• It’s pretty obvious when someone is truly too sick to go on. Some things come on very quickly, and there’s truly nothing you can do about it. If you won’t spread ebola to 20 people, and it’s possible for you to safely get there, it’s worth showing up so the client can see you making an effort. If you truly cannot leave your sick bed, you’re going to have some repair work to do when you get better. We saw this handled nicely once: an artist we were working along side of was felled with the flu the morning of an event – sick sick sick. When he was better, he called the company, apologized again, and offered to do a free event to make up for the drama. It was a nice gesture, and much appreciated by the company. They still work together to this day! However you handle it, definitely follow up and do whatever you can to make it right.

You Have a Personal Emergency

  • Make sure you are being scrupulously truthful here! Honesty is always the best policy. People can be perceptive, and you do NOT want to be caught in a fib. Also, people are more understanding than you think – we’ve all been there!
  • Above rules apply. Do everything you can to take good care of the professional relationship!

 

Best Video on Backing Out Ever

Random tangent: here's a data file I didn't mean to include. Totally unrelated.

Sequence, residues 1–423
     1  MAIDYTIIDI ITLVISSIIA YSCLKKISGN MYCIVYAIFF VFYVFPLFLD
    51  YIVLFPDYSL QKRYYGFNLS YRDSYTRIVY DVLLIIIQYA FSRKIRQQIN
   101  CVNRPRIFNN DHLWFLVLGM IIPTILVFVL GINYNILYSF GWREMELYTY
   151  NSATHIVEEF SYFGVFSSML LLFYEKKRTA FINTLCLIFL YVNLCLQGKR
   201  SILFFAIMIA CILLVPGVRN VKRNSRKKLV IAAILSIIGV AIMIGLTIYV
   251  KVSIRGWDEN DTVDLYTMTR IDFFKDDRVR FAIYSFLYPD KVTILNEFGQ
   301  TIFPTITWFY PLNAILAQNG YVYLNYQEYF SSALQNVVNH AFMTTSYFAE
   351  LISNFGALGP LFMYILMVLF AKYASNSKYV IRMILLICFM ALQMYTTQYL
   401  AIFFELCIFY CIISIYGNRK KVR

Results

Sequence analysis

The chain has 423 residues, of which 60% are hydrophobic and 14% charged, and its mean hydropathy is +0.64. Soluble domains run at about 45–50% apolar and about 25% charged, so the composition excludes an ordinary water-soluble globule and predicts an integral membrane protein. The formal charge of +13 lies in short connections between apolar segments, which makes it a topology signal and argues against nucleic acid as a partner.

Applies mostly to non-paying commitments, but I found this super helpful. I hope you do too!!!!!  Have you ever had to back out of a gig? How did you handle it? Tell us in the comments below! Dare to imagine, Laura

 

 

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Aerial Wheel

Posted by: on April 25, 2014
Aerial Wheel

Aerial Wheel

What is Aerial Wheel?

This act consists of three artists performing stunning aerial acrobatics on a single-point metal “wheel”. This is a perfect act for performances “in the round” (audience on all sides).

 

What Does Aerial Wheel Look Like?

What Does this Act Need to Perform?

Don’t worry – we have rigging options to suit nearly every venue! This act requires a single rigging point (exposed beam, sky hook, truss, theatrical grid, etc.), and a ceiling height of at least 16 feet. Free-standing rigs are also available. Email us atus@imaginaerial.com or call us at 212-252-3131 – we’re happy to answer your questions!

FAQS

  •  This act is 6-8 minutes long.
  • This act does not swing, but it does spin.
  • This act is perfect for performances with audience on all sides.
  • This act requires at least 16 feet to be safely performed in its entirety.
  • This act is appropriate for all audiences.
  • There are multiple costumes and music choices for this act.
  • Floor must be completely clear (no tables,  chairs, sets, etc.) Performer must be at least 3 feet from the edge of a stage or platform.
  • Performers may not perform directly over audience members. All necessary precautions must be taken to prevent audience from walking underneath the aerialist.